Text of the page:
When the ancient Greek philosopher Aristotle defined democracy, he wrote that, in such a system, “The poor will have more power than the rich, because there are more of them, and the will of the majority is supreme.”
Now, some 2,400 years later, he would surely be dismayed by the state of democracy. Globally, it is in retreat; in the US, it is under attack; and the rich have found a way to consolidate power while leaving the poor behind.
Democracy’s demise — and what can be done about it — has been the subject of many books. These include Threat to Democracy: The Appeal of Authoritarianism in an Age; Twilight of Democracy: The Seductive Lure of Authoritarianism; Four Threats: The Recurring Crises of American Democracy; Democracy Under Threat; How Democracies Die; and more.
Just last week, another one was published by somebody who had a front-row seat to how the US government tried to subvert democracy. The author is Fiona Hill, the foreign policy expert who testified in former President Donald Trump’s first impeachment trial (notably, the subject of both of these trials was Trump’s attempts to subvert democracy).
The book’s title is poignant: There is Nothing for You Here. The publisher explains the title’s origin:
Fiona Hill grew up in a world of terminal decay. The last of the local mines had closed, businesses were shuttering, and despair was etched in the faces around her. Her father urged her to get out of their blighted corner of northern England: “There is nothing for you here, pet,” he said.
Hill believes that “declining opportunity has set America on the grim path of modern Russia.”
Her warning comes at a time when it is clear that the US was not far from experiencing a coup last year. In addition, many GOP-led states are passing new voting restrictions in an effort to further disenfranchise those who disagree with them.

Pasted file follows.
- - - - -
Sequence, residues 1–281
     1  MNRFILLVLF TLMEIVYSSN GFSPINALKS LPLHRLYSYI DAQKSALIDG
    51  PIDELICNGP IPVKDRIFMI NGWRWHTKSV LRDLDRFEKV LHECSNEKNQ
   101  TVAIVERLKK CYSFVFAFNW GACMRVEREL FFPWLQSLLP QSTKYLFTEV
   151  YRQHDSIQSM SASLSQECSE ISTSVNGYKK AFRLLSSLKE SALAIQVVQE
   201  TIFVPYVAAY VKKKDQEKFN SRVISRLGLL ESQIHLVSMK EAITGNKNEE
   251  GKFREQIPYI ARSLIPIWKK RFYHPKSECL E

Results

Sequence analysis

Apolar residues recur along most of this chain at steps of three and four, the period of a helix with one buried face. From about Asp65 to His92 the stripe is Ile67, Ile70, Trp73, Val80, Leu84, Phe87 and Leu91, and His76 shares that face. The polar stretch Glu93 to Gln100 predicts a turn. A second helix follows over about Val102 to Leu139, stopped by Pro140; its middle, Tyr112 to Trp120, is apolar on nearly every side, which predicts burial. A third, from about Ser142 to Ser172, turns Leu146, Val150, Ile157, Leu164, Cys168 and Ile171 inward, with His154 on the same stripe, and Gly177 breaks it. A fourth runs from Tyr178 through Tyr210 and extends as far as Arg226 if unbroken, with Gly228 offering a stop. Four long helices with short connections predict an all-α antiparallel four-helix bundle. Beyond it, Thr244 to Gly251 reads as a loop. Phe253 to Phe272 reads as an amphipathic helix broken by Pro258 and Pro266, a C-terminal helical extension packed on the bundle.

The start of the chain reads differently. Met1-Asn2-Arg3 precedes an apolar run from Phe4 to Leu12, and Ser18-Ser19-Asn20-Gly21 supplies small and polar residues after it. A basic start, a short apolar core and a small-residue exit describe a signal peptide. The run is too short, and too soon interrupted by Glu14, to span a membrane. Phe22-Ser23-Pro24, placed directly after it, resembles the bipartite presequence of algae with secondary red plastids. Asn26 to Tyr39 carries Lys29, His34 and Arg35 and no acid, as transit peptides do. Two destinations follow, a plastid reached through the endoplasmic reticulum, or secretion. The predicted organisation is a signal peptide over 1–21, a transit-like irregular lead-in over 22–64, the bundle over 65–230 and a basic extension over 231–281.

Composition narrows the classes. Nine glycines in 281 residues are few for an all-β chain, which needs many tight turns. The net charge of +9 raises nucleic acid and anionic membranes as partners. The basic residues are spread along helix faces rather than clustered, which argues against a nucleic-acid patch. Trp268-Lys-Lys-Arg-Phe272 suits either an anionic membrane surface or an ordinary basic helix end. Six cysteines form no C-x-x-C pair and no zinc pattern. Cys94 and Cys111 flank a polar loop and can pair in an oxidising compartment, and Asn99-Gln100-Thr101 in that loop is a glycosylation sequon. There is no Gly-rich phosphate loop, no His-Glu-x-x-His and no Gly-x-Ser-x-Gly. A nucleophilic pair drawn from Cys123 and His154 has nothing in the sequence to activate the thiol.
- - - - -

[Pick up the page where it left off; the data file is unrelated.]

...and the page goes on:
In Congress, Democrats have drafted a plan to safeguard US democracy, but it is facing opposition, not just from Republicans, but even from some in their own ranks.
All of this is rather bleak, which is why it is important to keep in mind how precious democracy is. For this reason, we are once again presenting a collection of quotes on democracy — they are a reminder of why it is worth fighting for.
President Franklin D. Roosevelt said something in 1938 that may no longer be true, or so it seems on bad days:
Let us never forget that government is ourselves and not an alien power over us. The ultimate rulers of our democracy are not a president and senators and congressmen and government officials, but the voters of this country.
No “alien power over us”? Because Russia has influenced US elections, some Americans feel that indeed an alien power is over them. A more realistic fear is that voters are not the “ultimate rulers” of the country because of the virulent spread of voter suppression, and something related that is just as dangerous: Apathy.
Below are some observations that are both horrible and wonderful — and they may cure your apathy, at least for a while.
Introduction by Milicent Cranor
But somebody hacked into the voting booth in 90 minutes. I think last year, a 16-year-old got in there in 45 minutes, and made the voting booth play a song … You turn the voting booth into a jukebox in 45 minutes by a 16-year-old? You are telling me we can’t stop Russia? (Bill Maher)
Papers say: “Congress is deadlocked and can’t act.” I think that is the greatest blessing that could befall this country. (Will Rogers)